If you have the time, there are a few longer distance (multi-day) hiking routes which pass through Tourtour and several other attractive villages in the area, including Villecroze, Ampus and Salernes. If you have the time, you could easily spend a few days walking between these places, perhaps spending a night in each.
Head to the tourist information office (inside the Tourtour Chateau Municipal, next to the Tourtour Mairie) for more information on local walks and hikes. They should be able to provide you with maps and useful tips to help you plan your route.
How To Get To Tourtour
The easiest way to get to Tourtour is undoubtedly with your own car. The village is located approximately half way between Nice and Aix-en-Provence. It’s about 110 kilometres from either place, taking roughly 1.5 hours by car.
Free parking is available in the area just below Saint Denis church.
It is also possible to reach the village by public transport – although the bus services are pretty infrequent and you might need to change a few times (this is rural southern France). Currently, only two bus routes serve Tourtour: one runs from Aups and the other from Lorgues. Check here for up-to-date information on bus times.
Note: France’s incredible high-speed TGV network means you can get from Paris to Aix-en-Provence in 3 hours by train. This means you could theoretically visit Tourtour as a weekend trip from Paris, though you would probably need to hire a car in Aix to make this work smoothly.
The best deals on car hire in France are usually found on rentalcars.com.
Where To Stay In Tourtour, France
Accommodation in the prettier parts of Provence is not exactly cheap, and Tourtour is no exception. That said, there are several decent mid-range options, as well as higher-end boutiques.
For budget accommodation, you’re best off looking in one of the larger towns and cities in the area (Draguignan, Aix-en-Provence, Nice, etc.).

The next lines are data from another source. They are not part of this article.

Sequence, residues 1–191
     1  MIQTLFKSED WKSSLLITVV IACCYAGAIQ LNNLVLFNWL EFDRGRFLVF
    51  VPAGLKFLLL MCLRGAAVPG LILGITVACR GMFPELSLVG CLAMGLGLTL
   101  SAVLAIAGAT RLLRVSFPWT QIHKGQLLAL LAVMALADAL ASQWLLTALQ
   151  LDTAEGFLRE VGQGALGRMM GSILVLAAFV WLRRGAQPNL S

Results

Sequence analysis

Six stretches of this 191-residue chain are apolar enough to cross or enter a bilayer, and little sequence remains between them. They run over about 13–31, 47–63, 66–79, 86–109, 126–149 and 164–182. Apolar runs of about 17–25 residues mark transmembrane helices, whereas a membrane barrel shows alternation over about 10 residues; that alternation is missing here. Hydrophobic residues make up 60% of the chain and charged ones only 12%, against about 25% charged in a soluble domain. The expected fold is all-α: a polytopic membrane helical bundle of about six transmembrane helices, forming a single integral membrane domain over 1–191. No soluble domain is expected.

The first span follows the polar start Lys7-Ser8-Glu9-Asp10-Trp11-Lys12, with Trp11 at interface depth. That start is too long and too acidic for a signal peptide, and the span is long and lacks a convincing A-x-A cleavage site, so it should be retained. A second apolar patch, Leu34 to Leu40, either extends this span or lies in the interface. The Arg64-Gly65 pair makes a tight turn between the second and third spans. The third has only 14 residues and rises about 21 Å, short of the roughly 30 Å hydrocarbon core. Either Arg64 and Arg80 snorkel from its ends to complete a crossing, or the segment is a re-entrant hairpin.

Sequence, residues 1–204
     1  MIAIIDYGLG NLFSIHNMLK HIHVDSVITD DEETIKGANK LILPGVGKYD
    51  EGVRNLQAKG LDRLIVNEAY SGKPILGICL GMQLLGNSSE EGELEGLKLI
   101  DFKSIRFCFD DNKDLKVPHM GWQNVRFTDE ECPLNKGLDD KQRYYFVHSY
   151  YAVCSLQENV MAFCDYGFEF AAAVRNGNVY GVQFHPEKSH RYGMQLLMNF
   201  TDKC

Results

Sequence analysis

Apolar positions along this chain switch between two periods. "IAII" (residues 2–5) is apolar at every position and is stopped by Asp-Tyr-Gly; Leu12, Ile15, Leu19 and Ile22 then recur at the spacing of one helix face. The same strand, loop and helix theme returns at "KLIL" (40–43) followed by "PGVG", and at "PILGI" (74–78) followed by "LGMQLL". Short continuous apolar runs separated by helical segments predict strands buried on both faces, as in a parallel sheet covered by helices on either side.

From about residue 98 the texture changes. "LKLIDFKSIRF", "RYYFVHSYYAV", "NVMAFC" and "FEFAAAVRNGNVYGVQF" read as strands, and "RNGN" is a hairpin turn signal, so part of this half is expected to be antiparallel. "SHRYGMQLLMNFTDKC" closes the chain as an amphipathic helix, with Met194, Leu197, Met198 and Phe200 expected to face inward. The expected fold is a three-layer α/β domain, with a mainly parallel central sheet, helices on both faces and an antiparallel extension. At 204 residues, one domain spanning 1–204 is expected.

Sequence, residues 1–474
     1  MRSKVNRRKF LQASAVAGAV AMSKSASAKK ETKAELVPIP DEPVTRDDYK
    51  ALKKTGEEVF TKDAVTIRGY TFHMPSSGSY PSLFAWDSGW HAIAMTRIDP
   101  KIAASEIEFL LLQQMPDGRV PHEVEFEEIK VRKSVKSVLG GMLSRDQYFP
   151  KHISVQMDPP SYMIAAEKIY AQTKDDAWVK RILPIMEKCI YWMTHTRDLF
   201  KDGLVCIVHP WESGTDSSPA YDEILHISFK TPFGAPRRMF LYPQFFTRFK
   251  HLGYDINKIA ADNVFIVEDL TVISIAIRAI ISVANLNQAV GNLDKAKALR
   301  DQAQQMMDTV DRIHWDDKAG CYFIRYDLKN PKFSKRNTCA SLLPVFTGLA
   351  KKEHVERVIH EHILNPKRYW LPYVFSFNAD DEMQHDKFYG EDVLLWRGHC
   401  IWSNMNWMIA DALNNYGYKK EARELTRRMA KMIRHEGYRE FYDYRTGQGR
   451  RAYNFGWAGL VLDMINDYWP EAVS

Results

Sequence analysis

If you’re looking to splash out a bit, check out La Bastide de Tourtour. This beautiful four star hotel is located a short walk from the centre of the village, in a large country mansion surrounded by several acres of greenery. There’s an on-site spa and hammam, and all rooms have stunning views. (Prices and availability here.)
Domaine Monte Verdi (located 6 kilometres south of Tourtour) is another excellent higher-end option. They have a range of beautifully secluded luxury wooden cabins, with private terraces surrounded by nature. (Prices and availability here.)
Other Places To Visit Near Tourtour
Tourtour is ideally situated between the Gorges du Verdon and the Côte d’Azur.
The Verdon Gorge is definitely worth a visit. The drive up from Tourtour is spectacular if you take the (slightly-longer-but-much-prettier) northern route, via Sainte Croix du Verdon and Moustiers Sainte Marie. At Lake Sainte-Croix, head to the mouth of the gorge (near the bridge). Here there is a range of boats and paddleboards which you can hire to explore up into the gorge.
From Tourtour, it’s also easy to make day trips to some of the famous towns and cities along the coast, including Saint-Tropez, Nice, Cannes, or even Monaco.
For wine lovers, Tourtour is situated within the Côtes de Provence AOC, famous for its excellent rosé. There are many local vineyards which you can visit and buy wine from. Most offer tastings too.